The user mhalachev in the forums had the following to say about his first impression (and issues with the beta) of Opera Mobile 9.5:
- The default keyboard is altered when I start opera. (this one was quoted a lot of times, but it’s very important for be, because I use alternate IME with cyrillic text input)
- It is not necessary to pop-out the IME automatically every time, especially on devices with qwerty keyboard.
- When I double-tap to zoom-in outside of a paragraph, it always zooms to the top-left corner of the canvas and not to the point where i’ve tapped. I don’t know how you determine the exact size of the zoom-in area, but I’ve noticed that if the element is defined only with css properties (e.g. page header with backgroud-image) it zooms to the top-left.
- It would be nice if you implement the soft keys to do something (I’m running it on Kaiser, but most wm devices have softkeys too), like in Opera Mini, where I can access the menu via soft keys)
- It would be nice too if it’is possible to scroll and zoom with the d-pad, like in Opera Mini.
- The Kaiser has a Tab key on the sliding-out keyboard. (other devices have too) You may catch it and make Opera jump between page links, like a tab key on a “normal” PC.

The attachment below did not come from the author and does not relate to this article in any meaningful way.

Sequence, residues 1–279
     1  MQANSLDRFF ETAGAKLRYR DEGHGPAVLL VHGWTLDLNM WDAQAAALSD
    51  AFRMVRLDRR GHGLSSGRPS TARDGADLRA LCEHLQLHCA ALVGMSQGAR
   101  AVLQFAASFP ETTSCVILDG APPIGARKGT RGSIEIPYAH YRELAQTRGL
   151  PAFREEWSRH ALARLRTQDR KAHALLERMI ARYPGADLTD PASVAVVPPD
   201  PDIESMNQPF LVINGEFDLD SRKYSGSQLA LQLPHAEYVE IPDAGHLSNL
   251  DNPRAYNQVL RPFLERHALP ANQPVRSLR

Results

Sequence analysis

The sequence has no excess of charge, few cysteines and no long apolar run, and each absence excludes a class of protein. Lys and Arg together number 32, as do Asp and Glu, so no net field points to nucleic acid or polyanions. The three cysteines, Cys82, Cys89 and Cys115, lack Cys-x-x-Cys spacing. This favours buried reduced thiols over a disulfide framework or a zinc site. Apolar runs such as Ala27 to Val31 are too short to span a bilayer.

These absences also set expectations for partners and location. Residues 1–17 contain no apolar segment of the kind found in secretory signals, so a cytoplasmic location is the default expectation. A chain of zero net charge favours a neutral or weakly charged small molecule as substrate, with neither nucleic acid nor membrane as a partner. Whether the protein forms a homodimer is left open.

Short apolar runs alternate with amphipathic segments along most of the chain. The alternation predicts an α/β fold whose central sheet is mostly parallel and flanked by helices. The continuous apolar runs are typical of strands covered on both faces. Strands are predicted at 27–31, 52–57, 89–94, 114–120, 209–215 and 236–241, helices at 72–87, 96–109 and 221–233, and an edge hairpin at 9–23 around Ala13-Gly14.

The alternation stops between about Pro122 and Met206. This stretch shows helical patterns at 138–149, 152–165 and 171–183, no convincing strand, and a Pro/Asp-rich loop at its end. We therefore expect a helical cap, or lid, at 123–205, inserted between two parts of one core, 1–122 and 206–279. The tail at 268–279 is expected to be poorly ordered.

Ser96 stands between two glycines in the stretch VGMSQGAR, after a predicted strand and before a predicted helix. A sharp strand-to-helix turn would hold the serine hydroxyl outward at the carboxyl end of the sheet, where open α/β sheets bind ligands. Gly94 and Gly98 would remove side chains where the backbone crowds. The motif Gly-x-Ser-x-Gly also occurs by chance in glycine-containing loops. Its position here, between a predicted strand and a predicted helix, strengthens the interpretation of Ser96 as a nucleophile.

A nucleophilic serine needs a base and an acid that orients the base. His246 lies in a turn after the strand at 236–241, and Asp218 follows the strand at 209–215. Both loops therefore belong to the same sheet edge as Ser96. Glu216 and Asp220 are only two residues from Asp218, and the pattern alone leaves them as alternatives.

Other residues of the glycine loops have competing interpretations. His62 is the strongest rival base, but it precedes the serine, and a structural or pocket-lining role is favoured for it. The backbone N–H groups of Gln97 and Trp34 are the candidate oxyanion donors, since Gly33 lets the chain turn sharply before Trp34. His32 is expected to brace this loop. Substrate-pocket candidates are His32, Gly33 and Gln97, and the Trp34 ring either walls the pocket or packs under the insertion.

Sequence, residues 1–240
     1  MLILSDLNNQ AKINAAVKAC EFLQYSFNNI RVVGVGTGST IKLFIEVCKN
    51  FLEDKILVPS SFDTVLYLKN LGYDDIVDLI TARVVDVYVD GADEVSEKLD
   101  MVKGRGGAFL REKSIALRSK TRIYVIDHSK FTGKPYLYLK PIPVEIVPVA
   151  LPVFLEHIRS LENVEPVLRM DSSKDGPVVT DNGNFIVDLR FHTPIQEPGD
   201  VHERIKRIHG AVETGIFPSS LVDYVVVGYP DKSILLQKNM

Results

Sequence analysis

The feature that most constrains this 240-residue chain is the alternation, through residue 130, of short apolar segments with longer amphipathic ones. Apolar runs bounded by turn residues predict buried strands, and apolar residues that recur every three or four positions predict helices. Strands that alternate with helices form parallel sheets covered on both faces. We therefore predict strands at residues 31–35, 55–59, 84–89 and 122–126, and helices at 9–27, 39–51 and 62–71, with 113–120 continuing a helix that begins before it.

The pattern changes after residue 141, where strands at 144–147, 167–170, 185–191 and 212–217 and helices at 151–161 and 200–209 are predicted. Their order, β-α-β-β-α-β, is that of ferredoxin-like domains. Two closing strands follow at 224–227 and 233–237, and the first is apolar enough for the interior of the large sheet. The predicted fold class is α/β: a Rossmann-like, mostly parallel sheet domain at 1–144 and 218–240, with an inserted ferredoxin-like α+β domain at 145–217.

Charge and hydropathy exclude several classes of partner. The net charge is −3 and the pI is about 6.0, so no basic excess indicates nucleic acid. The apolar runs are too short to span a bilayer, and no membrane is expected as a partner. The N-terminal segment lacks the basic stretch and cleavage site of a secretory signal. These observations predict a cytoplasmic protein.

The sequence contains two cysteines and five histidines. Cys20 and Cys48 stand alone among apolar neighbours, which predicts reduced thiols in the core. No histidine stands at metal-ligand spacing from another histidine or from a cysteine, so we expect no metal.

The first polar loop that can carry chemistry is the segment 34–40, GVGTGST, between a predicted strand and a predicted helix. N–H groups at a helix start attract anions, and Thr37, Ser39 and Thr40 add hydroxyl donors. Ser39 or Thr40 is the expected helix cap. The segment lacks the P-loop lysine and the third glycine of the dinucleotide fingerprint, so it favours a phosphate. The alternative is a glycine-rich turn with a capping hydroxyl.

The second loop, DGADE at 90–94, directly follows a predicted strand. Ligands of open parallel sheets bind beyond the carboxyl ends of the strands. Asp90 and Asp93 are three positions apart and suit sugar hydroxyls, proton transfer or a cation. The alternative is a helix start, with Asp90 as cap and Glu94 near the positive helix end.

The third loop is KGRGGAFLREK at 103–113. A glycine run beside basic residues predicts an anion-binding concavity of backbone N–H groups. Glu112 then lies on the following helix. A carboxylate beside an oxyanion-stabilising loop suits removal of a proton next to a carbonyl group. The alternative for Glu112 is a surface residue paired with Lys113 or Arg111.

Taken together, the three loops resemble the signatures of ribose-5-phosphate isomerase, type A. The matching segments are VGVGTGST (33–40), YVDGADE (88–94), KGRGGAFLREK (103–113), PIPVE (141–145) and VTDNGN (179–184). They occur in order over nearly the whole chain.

- I liked the black theme on the first screenshots that you’ve posted in February. It will look good on the black htc theme. Think of making a theme, that takes it’s colors from the device’s theme.
- I have the Flash plug-in installed (Pocket IE displays flash), so I would like to see flash content in Opera. The kick-ass mobile browser will be that one, that displays flash content along with AJAX.
- Talking of AJAX, I would like to congratulate you for the support in Opera Mobile! It displays correctly various ajax-enabled sites, incl. the google reader for iphone etc. Various dom and dhtml gimmicks are rendered (almost) like on a desktop pc.
- I would also like to suggest once again to take some of the navigation and control options from Opera Mini (the softkeys and the d-pad), because they are very convenient while on the go, with one-hand operation.
So as you can see this is pretty typical beta software with the normal line up of things to do before the gamma release. But I definitely recommend checking it out. This is a video produced by Opera to demonstrate the features of this new release, in case you are not convinced yet.
The following are know issues with the current release, as noted by Opera:
ActiveX is disabled — Flash plugins and embedded video streaming do not work.
Custom IME’s (like HTC’s IME) will be buggy at best, not working at worst.
Not multilingual build — Only English is supported. Problems with other languages (and input methods) are not unexpected.
Installation on memory cards may cause problems.
Text wraps in overview mode.
Main testing has been done on English HTC devices (Touch Diamond, Touch Pro, Touch, Touch Dual, Touch Cruise, TyTN and Wizard) and Samsung i900.
We have got reports from some users that this build will disable the phones sounds/notifications.